Created for Polish television in 1988, Dekalog (Decalogue) is a series of ten short films co-written and directed by Krzysztof Kieslowski. Despite their television origin and an incredibly low budget of $100,000 which paid for all 10 episodes and the two extended films that came from the series, the cycle represents a high-point of the career of one of the true geniuses of modern cinema.
Loosely based on themes suggested by each of the 10 commandments, each film deals with the lives of the inhabitants of the same tower block, whose stories sometimes overlap into other films, raising complex issues for which there are no easy answers. Understanding thus remains elusive for many of the films, since they depend heavily on chance and individual choice, but as such their message is universal. Resisting the temptation to moralise or preach, in their totality the films examine the capacity of humans to deal with great challenges and contain a wealth of knowledge, thoughts, ideas, and emotions as well as being a marvellous and rare demonstration of ultimate craftsmanship in cinema.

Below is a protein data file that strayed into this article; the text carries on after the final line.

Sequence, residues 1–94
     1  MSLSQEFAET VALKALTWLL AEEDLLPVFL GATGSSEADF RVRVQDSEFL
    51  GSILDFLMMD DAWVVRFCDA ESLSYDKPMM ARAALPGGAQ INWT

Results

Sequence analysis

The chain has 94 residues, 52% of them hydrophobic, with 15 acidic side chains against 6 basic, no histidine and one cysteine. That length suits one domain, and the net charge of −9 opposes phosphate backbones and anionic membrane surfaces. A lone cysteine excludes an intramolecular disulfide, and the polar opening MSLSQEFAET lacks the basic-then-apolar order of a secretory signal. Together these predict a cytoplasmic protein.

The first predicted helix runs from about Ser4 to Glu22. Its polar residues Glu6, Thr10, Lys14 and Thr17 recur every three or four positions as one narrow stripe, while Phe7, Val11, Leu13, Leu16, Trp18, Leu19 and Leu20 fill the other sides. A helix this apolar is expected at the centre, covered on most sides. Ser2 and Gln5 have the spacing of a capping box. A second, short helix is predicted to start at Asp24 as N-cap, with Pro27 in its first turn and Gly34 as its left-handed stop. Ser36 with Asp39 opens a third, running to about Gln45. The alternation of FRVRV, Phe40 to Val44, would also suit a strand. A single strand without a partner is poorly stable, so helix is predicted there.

The whole series of films is available as two separate double DVD sets from Artificial Eye, each containing around 5 hours of films. Set 1 contains episodes 1-5 with a director biography and filmography as the only extras. Set 2 contains episodes 6-10, with a rare interview with the director, filmed shortly before his death in 1996.
Set 1, Disc 1
Dekalog 1: I Am The Lord Thy God: Thou Shalt Have No Other God But Me (52.55)
An exceptionally bright child, Pawel finds a dead dog in the street and it sets off a series of questions on life and death that he cannot answer. His aunt wants the boy to have religious instruction while his father has faith in logic and reason, but they find that the computer they use to solve complex puzzles is not always right and the consequences are serious.
The subject (and object) of faith is quite apparent in this episode. Personally, I find it and the symbolism a little heavy-handed, but it is one of the most famous films in the Dekalog cycle. A lot of similar themes here are covered in Kieslowski’s last film, Three Colours: Red.